If I remember rightly, the Corgi Magic Roundabout train cost 50p, and that was a lot of money to my parents. I used to have intense dreams about owning a Magic Roundabout train toy, and wake up feeling terribly disappointed.
I loved the Magic Roundabout with a passion, right from my tiny tot days in the late '60s, but there was a huge array of merchandising which, heart-rendingly, I couldn't have. On sale were Dougal house slippers, Magic Roundabout lampshades, Magic Roundabout biscuits, Magic Roundabout wallpaper, Magic Roundabout plastic figurines, Magic Roundabout clocks, Magic Roundabout tea towels, Magic Roundabout curtains, Magic Roundabout mattresses, Magic Roundabout cuddly toys, Magic Roundabout annuals, Magic Roundabout storybooks, Magic Roundabout colouring books, Magic Roundabout key rings, Magic Roundabout dot-to-dots, Magic Roundabout crockery, Magic Roundabout tablecloths, Magic Roundabout soap, Magic Roundabout bubble bath, Magic Roundabout umbrellas. And the aforementioned Corgi miniature Magic Garden. Have I missed anything? Loads, I imagine.
The concept of children as consumers was certainly not invented in the 1980s.
I used to be bought a packet of Magic Roundabout biscuits each week (they tasted like malted milk) - and was thrilled by the free plastic Magic Roundabout figures that came with them, one to a packet. Mum saved up the tokens and sent for the whole set. I was so chuffed on the morning I received them that I decided to take them to school, and was so engrossed examining each plastic figure as I walked along that I was nearly run over by a car!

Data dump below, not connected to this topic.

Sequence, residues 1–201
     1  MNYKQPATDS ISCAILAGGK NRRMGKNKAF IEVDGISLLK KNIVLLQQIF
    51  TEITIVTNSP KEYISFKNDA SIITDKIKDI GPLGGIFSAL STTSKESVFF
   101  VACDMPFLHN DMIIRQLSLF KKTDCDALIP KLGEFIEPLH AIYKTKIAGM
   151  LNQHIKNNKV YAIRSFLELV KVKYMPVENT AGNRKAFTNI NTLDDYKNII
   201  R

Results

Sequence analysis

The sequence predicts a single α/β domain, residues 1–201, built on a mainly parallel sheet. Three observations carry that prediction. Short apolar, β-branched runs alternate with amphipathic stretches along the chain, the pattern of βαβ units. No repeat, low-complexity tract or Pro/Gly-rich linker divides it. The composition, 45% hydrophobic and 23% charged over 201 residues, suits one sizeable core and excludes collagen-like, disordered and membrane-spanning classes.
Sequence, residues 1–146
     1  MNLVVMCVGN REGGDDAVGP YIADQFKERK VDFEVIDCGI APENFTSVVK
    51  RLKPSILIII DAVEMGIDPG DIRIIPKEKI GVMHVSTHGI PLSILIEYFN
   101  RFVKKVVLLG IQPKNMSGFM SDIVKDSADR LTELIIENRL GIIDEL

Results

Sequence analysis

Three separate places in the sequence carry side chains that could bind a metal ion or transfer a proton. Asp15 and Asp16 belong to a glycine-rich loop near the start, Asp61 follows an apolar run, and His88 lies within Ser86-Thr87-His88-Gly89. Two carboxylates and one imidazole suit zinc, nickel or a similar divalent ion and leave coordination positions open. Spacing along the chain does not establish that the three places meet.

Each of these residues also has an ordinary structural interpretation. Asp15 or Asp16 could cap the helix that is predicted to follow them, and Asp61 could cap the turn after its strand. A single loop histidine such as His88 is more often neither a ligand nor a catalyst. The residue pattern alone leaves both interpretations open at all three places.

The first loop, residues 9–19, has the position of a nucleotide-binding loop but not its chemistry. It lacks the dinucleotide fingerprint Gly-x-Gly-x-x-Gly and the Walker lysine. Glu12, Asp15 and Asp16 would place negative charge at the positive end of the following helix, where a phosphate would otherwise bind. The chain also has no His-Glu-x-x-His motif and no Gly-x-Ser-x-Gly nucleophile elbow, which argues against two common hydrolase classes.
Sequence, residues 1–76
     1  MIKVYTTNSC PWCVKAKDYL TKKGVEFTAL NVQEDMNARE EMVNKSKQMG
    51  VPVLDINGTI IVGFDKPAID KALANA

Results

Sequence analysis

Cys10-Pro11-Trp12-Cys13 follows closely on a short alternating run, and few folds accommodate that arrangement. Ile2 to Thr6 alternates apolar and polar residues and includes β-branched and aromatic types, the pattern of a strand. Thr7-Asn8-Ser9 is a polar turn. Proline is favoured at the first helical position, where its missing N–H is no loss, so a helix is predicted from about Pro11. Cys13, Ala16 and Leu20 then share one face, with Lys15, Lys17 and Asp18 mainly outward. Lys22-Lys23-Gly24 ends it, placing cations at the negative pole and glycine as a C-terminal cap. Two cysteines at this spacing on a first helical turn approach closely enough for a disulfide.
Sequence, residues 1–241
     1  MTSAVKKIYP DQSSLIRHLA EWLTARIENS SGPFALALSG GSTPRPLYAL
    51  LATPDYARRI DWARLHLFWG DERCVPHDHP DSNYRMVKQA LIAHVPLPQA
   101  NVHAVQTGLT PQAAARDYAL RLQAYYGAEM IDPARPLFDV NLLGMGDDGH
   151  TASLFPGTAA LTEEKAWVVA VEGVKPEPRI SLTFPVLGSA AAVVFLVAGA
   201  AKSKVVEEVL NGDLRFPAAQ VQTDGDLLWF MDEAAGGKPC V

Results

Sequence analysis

Boy, did the driver swear at me! Fortunately, even as a seven-year-old, I'd heard it all before!
My mum took me to see the film, Dougal and the Blue Cat, and the scene with the Magic Garden folk imprisoned by Buxton the Cat nearly had me in tears. Especially the sight of poor Florence, in chains, crying her little heart out. I had a crush on Florence. I remember opening my eyes very wide and telling myself I musn't cry. Boys didn't cry back then.
The Magic Roundabout was, of course, famous for being 1960s psychedelic style colourful, but we couldn't afford a colour telly.
I never really grew out of the Magic Roundabout, but my parents did not believe that boys over the age of eight-years-old should be interested in puppet series - they thought it was "cissie". The (for me) brilliant wit of the Roundabout did not seem to appeal to them, so I watched whenever I could, whilst pretending to read a book or whatever when my parents were in the room.
The show ended in January 1977 but was sometimes shown as repeats on school holiday mornings for years afterwards.
Eric Thompson died in 1982.
In the Nostalgic 90s, the Magic Roundabout came back in vogue and I discovered that I shared my birthday with it. Eric Thompson's English version (he had placed his own spin on the original French animation by Serge Danot) was first broadcast on 18/10/1965 - about an hour after I was born!
When I discovered our shared debut date, I thought it was a weird coincidence. The show meant a lot to me as a child and saw me through some harsh times. On the way back from a birthday night out, c. 1992, belly full of Stella Artois, feeling heavily sentimental, I stopped in a darkened subway, lifted my eyes to the heavens and thanked Eric Thompson for Ermintrude and co.
Sometimes we do things when we are drunk that seem absolutely ridiculous when viewed through the evil realities of next day's hangover. But my thank you to Mr Thompson seemed then, and still seems today, entirely justified.
"Soppy thing!" as Dougal might say...